It has a horrible, pungent odor, similar to rotten meat, gardeners say.
A tall, folic-shaped rare plant blooms in a garden in the Netherlands.
According to Leiden Hortus Botanicus, a botanical garden at the University of Leiden, it is called the ‘penis plant’ and is the third time the species has thrived in Europe since 1997.
The six-year-old plant, scientifically named Amorphophallus decus-silvae, was grown by gardener Rudmer Postma, according to a press release.
Plantation staff first noticed the flower bud in mid-September, and in a month the bud reached a height of half a meter and the short stem up to 2 meters.
“Some botanical gardens have Amorphophallus decus-silvae in their collection, which makes the plant’s flowers particularly rare,” the report said.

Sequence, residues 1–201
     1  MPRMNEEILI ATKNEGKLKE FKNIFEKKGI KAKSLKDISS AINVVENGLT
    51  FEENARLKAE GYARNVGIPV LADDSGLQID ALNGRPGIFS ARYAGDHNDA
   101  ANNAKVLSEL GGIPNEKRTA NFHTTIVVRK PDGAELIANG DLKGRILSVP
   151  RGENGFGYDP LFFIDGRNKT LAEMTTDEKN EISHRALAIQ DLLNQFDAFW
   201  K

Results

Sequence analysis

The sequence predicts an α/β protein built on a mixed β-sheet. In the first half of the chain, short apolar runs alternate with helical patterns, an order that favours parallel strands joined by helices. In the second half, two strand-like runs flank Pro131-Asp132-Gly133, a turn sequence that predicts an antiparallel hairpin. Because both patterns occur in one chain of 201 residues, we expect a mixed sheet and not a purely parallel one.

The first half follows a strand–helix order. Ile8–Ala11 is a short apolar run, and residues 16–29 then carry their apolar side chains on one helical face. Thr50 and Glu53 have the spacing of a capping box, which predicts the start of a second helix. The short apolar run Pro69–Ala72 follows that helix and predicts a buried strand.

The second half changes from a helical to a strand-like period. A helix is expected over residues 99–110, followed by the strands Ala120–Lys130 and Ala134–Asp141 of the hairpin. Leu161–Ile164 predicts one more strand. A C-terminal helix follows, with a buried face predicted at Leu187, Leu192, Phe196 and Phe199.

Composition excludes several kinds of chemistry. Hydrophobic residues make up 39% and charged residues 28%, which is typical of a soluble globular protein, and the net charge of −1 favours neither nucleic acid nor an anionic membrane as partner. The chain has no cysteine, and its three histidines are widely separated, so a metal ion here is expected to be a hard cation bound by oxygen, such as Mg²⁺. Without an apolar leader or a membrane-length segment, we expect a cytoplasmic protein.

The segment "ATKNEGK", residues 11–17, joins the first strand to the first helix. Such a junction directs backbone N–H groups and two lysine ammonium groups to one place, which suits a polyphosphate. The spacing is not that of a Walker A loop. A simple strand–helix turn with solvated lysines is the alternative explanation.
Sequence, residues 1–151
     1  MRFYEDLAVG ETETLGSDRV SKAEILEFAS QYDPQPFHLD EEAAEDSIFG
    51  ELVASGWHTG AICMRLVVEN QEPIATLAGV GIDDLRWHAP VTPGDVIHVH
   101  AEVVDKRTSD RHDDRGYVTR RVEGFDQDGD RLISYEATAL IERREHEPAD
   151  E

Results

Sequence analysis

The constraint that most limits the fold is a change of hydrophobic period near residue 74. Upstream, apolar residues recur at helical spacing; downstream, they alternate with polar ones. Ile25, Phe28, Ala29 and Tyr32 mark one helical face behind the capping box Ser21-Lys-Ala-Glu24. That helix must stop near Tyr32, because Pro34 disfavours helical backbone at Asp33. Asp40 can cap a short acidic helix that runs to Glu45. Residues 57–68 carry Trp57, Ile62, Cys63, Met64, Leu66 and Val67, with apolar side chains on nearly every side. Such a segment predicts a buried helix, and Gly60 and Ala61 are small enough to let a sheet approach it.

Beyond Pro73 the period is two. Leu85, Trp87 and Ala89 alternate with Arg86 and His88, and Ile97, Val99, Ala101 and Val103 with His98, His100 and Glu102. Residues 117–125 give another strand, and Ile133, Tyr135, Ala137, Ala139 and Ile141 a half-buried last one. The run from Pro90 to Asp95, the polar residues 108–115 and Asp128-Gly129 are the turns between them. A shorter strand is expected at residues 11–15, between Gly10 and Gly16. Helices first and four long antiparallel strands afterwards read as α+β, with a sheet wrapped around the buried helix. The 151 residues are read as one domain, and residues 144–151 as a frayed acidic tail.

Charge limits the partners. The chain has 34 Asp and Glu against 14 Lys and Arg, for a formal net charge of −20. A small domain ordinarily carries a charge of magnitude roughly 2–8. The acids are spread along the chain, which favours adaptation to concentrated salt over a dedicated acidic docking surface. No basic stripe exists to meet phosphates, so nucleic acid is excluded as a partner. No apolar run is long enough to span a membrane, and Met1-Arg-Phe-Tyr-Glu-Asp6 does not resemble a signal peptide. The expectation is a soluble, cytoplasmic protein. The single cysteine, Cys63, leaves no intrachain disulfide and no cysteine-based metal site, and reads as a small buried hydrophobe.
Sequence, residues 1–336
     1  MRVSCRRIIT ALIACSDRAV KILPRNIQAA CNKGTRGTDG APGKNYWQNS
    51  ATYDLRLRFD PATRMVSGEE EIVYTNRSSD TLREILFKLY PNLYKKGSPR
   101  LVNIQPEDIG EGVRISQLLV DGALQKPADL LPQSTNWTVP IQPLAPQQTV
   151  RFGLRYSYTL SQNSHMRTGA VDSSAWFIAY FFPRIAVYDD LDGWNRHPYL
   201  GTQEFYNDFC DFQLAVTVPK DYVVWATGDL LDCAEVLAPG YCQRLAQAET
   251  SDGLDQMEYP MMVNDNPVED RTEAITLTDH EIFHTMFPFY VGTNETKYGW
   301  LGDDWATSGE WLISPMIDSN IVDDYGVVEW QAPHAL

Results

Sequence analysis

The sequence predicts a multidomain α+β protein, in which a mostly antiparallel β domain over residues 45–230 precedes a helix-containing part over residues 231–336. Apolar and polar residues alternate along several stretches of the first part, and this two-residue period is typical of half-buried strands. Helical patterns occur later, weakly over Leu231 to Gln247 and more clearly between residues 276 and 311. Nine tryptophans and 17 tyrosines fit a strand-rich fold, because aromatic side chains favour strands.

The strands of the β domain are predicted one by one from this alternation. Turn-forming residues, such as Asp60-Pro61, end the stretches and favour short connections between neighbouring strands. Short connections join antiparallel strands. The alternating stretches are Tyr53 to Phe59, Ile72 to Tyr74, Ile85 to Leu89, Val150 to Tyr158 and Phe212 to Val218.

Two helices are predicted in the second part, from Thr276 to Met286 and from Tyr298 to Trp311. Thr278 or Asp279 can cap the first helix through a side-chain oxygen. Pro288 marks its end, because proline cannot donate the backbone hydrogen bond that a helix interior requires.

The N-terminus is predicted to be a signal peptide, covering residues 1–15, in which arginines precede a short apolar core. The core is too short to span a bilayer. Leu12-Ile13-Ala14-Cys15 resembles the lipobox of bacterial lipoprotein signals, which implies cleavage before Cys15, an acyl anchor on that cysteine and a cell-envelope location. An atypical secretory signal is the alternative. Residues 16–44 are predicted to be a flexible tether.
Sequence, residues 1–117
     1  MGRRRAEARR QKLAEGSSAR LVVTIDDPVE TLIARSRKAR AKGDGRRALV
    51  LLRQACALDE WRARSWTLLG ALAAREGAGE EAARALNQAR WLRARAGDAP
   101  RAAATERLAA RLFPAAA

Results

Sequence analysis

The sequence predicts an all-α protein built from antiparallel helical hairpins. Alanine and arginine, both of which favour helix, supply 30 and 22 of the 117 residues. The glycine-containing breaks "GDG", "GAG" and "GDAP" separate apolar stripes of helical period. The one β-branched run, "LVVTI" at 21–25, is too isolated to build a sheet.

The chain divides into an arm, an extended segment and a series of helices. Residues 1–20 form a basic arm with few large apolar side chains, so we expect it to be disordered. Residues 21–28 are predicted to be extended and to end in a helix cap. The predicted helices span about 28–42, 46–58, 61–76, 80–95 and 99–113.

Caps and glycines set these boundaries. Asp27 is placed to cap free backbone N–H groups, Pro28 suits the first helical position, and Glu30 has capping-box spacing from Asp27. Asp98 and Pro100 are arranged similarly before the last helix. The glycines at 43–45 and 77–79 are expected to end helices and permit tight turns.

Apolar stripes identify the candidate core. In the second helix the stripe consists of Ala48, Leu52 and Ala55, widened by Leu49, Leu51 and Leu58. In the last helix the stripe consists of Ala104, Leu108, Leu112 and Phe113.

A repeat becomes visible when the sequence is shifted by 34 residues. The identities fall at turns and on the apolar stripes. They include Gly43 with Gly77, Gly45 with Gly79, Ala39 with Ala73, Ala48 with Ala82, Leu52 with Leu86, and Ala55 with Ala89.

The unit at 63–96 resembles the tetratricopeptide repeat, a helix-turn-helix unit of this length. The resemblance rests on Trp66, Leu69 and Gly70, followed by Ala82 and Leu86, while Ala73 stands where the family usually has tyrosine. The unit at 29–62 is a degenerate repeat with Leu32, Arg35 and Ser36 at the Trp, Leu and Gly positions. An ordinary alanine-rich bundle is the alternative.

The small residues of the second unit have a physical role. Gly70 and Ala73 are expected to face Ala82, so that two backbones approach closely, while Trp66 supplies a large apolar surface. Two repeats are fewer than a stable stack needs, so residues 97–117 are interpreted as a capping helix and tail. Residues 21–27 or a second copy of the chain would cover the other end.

Native to the Indonesian rainforest, the ‘penis plant’ requires a very hot and humid growing environment that is difficult to grow in Europe.
But its horrible, pungent odor, like rotten flesh, helps gardeners predict when it will bloom, which occurs in two stages: the female flowering stage and the male flowering stage.
During the female flowering stage, the white part of the flower, called spatix, in the form of a phallus, warms up and emits an odor.